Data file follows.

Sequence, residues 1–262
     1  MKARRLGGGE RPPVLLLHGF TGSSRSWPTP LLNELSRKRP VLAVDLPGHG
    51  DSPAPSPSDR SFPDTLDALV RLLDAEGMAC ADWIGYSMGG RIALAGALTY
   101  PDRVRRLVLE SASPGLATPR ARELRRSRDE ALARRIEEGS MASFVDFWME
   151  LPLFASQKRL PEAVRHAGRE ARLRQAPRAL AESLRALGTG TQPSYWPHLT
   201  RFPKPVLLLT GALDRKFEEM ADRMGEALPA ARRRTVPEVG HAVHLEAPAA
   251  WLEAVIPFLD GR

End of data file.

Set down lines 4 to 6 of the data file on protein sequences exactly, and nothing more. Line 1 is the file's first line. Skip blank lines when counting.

   101  PDRVRRLVLE SASPGLATPR ARELRRSRDE ALARRIEEGS MASFVDFWME
   151  LPLFASQKRL PEAVRHAGRE ARLRQAPRAL AESLRALGTG TQPSYWPHLT
   201  RFPKPVLLLT GALDRKFEEM ADRMGEALPA ARRRTVPEVG HAVHLEAPAA